Do New Scientist’s Headlines Make Sense?

When I was in school, I was asked to par­tic­i­pate in a debate: “Sci­ence: A Cure Or A Dis­ease?”. Yes, my school sucked.

Since then, I’ve been observ­ing how the dis­ci­pline of sci­ence remains large­ly mis­un­der­stood or not under­stood at all.

New Sci­en­tist has just pub­lished “13 more things that don’t make sense”, a sequel to their high­ly pop­u­lar “13 things that don’t make sense” arti­cle in 2005. Both the arti­cles give you a brief glimpse of phe­nom­e­na that sci­ence has yet to under­stand and are an inter­est­ing read for know­ing more about cut­ting-edge exper­i­ments and yet-to-be-for­mu­lat­ed the­o­ries.

If you observe the domain of the “13 things”, they deal with

  • Issues of time, space, mind and body
  • The world beyond human sen­so­ry per­cep­tion either on a micro or macro scale
  • Time spans vast­ly beyond that of human life

Is this sur­pris­ing in the least? If you con­trast how long sci­ence has been in exis­tence com­pared to the uni­verse, life on earth, and the begin­ning of homo sapi­ens, to say that nature has an unfair advan­tage would be a huge under­state­ment.

On the one hand, I am hap­py that arti­cles like these catch pop­u­lar atten­tion. They serve to gen­er­ate inter­est in sci­ence among the gen­er­al pop­u­lace. Carl Sagan is best known for his mis­quot­ed phrase “bil­lions and bil­lions”, though he nev­er uttered it in the entire Cos­mos series. Catch­phras­es work and are some­times jus­ti­fied.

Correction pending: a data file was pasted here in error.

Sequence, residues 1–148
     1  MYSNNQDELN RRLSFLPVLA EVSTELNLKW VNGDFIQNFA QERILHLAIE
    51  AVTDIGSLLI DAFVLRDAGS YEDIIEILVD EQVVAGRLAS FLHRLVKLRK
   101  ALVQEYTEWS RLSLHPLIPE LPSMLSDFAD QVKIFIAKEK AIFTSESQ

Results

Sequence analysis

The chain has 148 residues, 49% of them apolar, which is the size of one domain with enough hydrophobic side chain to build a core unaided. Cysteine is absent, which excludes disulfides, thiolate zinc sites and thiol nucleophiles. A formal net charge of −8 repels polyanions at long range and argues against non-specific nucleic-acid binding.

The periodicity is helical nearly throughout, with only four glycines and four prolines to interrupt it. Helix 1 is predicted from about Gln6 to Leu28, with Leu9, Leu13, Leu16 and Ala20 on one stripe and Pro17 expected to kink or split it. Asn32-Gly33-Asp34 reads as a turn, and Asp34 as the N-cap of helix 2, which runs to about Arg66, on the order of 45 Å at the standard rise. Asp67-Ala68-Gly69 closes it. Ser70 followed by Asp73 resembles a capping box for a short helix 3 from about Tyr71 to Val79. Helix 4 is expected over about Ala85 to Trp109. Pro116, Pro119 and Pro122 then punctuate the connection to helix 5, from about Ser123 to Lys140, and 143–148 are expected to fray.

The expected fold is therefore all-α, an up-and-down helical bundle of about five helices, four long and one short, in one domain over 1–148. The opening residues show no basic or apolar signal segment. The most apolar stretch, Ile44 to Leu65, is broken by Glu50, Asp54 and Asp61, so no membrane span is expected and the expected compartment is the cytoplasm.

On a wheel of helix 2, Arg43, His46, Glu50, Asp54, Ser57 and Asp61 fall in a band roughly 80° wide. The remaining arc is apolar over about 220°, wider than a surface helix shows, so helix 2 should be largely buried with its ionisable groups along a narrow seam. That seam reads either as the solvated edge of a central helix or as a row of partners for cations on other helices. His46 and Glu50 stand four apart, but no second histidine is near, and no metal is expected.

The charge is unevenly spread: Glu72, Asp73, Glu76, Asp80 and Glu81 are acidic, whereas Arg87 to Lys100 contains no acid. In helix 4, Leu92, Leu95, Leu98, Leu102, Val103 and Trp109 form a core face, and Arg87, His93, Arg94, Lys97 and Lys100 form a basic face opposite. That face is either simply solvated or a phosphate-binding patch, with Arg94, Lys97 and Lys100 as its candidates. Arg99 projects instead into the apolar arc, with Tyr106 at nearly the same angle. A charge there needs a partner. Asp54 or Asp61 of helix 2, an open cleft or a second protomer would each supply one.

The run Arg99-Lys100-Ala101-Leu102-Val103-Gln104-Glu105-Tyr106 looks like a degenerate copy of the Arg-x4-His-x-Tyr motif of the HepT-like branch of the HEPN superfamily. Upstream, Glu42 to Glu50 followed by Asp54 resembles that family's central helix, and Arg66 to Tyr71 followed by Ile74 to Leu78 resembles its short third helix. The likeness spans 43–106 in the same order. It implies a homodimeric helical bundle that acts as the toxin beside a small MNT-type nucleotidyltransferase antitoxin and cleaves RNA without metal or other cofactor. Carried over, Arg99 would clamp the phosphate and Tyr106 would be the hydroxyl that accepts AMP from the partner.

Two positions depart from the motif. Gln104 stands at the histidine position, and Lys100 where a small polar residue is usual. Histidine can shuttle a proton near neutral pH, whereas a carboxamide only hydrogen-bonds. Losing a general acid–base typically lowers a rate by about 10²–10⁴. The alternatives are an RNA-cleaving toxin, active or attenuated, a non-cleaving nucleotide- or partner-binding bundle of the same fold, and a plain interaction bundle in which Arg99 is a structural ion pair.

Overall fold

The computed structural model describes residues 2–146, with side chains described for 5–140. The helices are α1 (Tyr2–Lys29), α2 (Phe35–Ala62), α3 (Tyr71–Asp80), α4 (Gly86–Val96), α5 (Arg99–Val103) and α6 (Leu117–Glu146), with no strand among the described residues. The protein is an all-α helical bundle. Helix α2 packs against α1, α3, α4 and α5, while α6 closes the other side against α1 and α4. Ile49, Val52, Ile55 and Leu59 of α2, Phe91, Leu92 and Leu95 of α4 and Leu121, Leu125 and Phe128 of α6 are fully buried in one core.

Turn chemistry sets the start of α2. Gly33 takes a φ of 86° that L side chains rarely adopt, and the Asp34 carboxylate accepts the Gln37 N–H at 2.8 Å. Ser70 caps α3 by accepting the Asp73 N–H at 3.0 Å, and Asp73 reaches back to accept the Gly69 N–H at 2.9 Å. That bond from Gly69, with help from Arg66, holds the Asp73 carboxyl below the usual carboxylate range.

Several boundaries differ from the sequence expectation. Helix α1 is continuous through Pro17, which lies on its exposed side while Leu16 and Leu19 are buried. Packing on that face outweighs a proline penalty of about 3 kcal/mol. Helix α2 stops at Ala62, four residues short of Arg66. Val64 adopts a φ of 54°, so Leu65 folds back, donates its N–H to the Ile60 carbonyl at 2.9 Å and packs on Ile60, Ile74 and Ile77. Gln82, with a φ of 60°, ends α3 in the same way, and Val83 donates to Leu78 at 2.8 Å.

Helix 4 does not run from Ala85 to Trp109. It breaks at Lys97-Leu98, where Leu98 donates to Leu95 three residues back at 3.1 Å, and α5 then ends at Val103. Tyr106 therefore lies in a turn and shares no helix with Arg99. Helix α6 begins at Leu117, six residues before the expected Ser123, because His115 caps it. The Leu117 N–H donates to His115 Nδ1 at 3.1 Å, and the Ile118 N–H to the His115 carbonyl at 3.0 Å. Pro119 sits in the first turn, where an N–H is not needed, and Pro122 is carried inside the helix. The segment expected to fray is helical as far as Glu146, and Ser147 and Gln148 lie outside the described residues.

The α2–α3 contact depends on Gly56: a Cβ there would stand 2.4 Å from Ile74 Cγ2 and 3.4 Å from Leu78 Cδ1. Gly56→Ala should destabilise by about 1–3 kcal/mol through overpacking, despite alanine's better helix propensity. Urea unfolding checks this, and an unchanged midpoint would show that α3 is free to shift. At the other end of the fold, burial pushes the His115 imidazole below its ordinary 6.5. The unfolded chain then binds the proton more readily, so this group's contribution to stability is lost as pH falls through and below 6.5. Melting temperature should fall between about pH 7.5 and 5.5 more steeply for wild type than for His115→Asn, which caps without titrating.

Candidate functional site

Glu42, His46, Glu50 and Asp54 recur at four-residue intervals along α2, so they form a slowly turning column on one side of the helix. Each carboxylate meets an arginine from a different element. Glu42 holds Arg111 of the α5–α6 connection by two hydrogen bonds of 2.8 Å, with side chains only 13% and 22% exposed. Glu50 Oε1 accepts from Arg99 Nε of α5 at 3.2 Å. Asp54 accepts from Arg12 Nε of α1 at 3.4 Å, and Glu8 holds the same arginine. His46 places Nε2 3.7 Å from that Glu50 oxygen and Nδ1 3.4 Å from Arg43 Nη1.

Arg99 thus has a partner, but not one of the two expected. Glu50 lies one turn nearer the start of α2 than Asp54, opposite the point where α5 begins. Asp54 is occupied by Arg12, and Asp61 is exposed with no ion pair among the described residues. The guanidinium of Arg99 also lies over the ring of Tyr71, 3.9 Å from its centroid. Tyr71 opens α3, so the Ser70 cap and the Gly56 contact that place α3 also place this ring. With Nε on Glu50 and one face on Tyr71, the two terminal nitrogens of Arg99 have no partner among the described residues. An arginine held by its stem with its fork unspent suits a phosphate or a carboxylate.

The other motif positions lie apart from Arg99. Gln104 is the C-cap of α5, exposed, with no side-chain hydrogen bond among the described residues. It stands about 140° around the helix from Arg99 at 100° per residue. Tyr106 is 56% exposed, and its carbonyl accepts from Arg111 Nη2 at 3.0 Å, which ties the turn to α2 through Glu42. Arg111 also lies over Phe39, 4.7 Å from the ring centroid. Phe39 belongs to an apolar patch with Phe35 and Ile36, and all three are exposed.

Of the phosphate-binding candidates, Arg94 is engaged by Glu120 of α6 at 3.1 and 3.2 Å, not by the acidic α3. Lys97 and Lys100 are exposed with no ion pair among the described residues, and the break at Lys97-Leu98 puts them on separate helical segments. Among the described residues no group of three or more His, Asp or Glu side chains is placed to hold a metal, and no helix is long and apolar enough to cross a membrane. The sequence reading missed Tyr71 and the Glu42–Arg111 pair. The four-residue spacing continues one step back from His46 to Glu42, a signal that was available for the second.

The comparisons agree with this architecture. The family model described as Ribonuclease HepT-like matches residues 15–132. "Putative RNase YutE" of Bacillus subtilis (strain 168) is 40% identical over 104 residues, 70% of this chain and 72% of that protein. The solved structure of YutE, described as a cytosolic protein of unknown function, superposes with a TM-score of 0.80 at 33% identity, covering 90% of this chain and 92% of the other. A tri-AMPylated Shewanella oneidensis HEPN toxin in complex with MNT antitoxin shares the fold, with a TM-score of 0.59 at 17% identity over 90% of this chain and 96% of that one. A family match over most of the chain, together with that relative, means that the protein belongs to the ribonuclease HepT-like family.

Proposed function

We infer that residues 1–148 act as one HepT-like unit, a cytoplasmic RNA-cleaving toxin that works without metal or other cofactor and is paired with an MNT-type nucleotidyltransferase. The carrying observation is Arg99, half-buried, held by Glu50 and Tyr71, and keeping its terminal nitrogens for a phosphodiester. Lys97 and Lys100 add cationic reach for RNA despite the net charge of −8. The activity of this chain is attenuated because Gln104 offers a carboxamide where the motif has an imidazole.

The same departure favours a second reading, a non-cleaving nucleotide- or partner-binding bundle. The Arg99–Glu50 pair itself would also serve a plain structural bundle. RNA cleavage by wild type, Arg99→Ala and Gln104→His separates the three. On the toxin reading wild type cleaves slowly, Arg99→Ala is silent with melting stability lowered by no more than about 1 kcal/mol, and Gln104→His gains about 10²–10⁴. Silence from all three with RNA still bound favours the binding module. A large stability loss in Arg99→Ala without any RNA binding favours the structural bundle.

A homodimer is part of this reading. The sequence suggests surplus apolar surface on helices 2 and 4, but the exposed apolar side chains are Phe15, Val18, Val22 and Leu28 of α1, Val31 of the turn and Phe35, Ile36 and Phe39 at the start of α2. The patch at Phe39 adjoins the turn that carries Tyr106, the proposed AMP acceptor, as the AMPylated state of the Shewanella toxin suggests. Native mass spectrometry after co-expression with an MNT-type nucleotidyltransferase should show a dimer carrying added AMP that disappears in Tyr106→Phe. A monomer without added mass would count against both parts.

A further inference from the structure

On the oth­er hand, I dis­like the lame attempt at sen­sa­tion­al­iza­tion. How many times have you heard or read “unex­plained”, “mys­ter­ies”, “unan­swered” in the con­text of sci­ence? There are no mys­ter­ies in sci­ence, only in nature.

New Scientist’s 2005 arti­cle remains the most for­ward­ed arti­cle in the site’s his­to­ry. The article’s pop­u­lar­i­ty led to a pop­u­lar book of the same name. If this were a non-prof­it orga­ni­za­tion pop­u­lar­iz­ing sci­ence, I wouldn’t have writ­ten this post. In Jan 2009, it ran a cov­er with the title “Dar­win was wrong”.

The mag­a­zine has been crit­i­cized by sci-fi writer Greg Evan:

The com­bi­na­tion of a sen­sa­tion­al­ist bent and a lack of  basic knowl­edge by its writers…is ren­der­ing it unre­li­able often enough to con­sti­tute a real threat to the pub­lic under­stand­ing of sci­ence.

And did you notice the use of the num­ber 13?

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  • Oh Dang! we had those Sci­ence: Curse or Boon debates too. I have nev­er real­ly raed the New Sci­en­tist. that and Wired fall into the same cat­e­go­ry…

    • Oh, I thought my school was the only one that indulged in such (mis)education!

  • PS: Whats with the ran­dom mix­ing of fonts dude??

    • Er, it is not ran­dom. Not a bug, but a fea­ture, of the theme! 🙂

      What has hap­pened in this post specif­i­cal­ly, that all the typo­graph­i­cal ele­ments of the theme are exposed because of the length and the use of the bul­let­ed list.

      I’m not entire­ly hap­py with this theme, and this is one of the things I would have liked to cus­tomize. But well, until some­thing bet­ter comes along!